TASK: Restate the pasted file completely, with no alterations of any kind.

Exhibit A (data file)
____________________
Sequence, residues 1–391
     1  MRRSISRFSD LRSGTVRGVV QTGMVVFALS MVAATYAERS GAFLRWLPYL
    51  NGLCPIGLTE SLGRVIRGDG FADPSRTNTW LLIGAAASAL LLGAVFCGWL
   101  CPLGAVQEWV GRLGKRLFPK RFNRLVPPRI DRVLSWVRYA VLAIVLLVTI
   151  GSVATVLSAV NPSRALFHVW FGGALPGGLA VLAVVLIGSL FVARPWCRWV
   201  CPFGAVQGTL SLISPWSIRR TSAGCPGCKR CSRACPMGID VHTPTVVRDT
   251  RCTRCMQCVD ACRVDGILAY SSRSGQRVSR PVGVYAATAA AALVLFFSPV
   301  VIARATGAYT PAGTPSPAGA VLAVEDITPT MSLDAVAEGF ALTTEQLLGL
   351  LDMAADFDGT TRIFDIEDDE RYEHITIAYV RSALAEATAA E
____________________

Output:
Sequence, residues 1–391
     1  MRRSISRFSD LRSGTVRGVV QTGMVVFALS MVAATYAERS GAFLRWLPYL
    51  NGLCPIGLTE SLGRVIRGDG FADPSRTNTW LLIGAAASAL LLGAVFCGWL
   101  CPLGAVQEWV GRLGKRLFPK RFNRLVPPRI DRVLSWVRYA VLAIVLLVTI
   151  GSVATVLSAV NPSRALFHVW FGGALPGGLA VLAVVLIGSL FVARPWCRWV
   201  CPFGAVQGTL SLISPWSIRR TSAGCPGCKR CSRACPMGID VHTPTVVRDT
   251  RCTRCMQCVD ACRVDGILAY SSRSGQRVSR PVGVYAATAA AALVLFFSPV
   301  VIARATGAYT PAGTPSPAGA VLAVEDITPT MSLDAVAEGF ALTTEQLLGL
   351  LDMAADFDGT TRIFDIEDDE RYEHITIAYV RSALAEATAA E